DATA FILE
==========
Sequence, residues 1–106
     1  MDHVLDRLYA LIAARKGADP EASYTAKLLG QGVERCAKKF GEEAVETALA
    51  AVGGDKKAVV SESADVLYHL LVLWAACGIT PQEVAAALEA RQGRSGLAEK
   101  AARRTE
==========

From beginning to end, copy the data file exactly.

Sequence, residues 1–106
     1  MDHVLDRLYA LIAARKGADP EASYTAKLLG QGVERCAKKF GEEAVETALA
    51  AVGGDKKAVV SESADVLYHL LVLWAACGIT PQEVAAALEA RQGRSGLAEK
   101  AARRTE